Each year, Georgia has two tomato crops, one harvested in summer and one in fall.

Brim is now harvesting 40 acres. Prices are still low.

“I think there are going to be more and more people getting out of the tomato business because the market has just declined,” Brim said. “We just hope the market will turn around and consumers will get the confidence back. I stand behind the fact that Georgia-grown produce is the safest food in the world.”





Nature walk puts spotlight on challenges facing Jekyll Island

28 10 2008

CAROLE HAWKINS, Florida Times-Union

JEKYLL ISLAND – Dorinda Dallmeyer ran her hands along the twisted skeleton of a live oak tree at Jekyll Island’s north beach.  “Here is one of the great love/hate relationships we have on Jekyll Island,” Dallmeyer said. “We hate to think of losing a live oak. But photographers love to take pictures of driftwood, and this is probably one of the biggest pieces you’ll ever see.”

As if agreeing, cameras clicked from among the dozen people who had followed Dallmeyer to the spot.

Nature walks on Jekyll aren’t uncommon, but one led by an ecologist from the University of Georgia certainly is, bringing details into focus that might otherwise pass unnoticed.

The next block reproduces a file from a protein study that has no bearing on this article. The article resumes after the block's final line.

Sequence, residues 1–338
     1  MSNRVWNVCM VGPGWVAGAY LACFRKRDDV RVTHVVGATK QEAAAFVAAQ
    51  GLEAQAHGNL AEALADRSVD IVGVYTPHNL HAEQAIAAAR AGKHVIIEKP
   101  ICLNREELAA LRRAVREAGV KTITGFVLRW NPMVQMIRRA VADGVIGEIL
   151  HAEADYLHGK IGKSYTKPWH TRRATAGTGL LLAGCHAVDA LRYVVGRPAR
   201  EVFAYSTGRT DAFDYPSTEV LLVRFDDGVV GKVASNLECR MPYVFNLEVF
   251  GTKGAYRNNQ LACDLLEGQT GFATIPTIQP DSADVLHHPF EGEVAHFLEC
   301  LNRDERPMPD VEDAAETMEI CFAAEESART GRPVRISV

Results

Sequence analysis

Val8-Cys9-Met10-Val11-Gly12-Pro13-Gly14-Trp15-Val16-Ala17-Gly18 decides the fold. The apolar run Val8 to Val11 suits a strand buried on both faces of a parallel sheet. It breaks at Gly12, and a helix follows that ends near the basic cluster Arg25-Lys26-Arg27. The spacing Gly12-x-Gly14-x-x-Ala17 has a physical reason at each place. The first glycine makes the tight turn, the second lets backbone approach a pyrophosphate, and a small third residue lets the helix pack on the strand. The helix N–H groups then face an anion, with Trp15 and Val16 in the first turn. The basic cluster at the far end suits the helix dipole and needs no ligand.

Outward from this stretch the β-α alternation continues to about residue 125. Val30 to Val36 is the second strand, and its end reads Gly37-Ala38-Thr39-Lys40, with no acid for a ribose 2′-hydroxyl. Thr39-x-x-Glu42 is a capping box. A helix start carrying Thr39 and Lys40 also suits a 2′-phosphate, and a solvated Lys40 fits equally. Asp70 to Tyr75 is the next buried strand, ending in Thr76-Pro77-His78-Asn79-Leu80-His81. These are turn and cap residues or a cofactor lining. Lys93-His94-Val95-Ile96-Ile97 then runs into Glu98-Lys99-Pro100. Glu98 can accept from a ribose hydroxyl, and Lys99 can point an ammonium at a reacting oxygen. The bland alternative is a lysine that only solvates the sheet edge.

Dallmeyer is UGa’s Environmental Ethics Certificate Program director and her field trip was part of a weeklong ecology series on the past, present and future of the Jekyll Island region’s ecosystem. The program was sponsored by the University of Georgia’s Odum School of Ecology, the world’s first standalone ecology school, and held in conjunction with The Georgia Review’s Pulitzer Legacy in Georgia conference.

“It’s an exciting time for us to be here,” said Elisabeth Butler, the school’s director of development. “Jekyll’s revitalization plans give us a chance to talk about how to develop the coastline in the most ecological way possible.”

At the nature walk Wednesday Dallmeyer discussed Jekyll’s salt marshes and beaches as both ecological and commercial resources, but was nonjudgmental over which purpose held greater merit.

Read on here.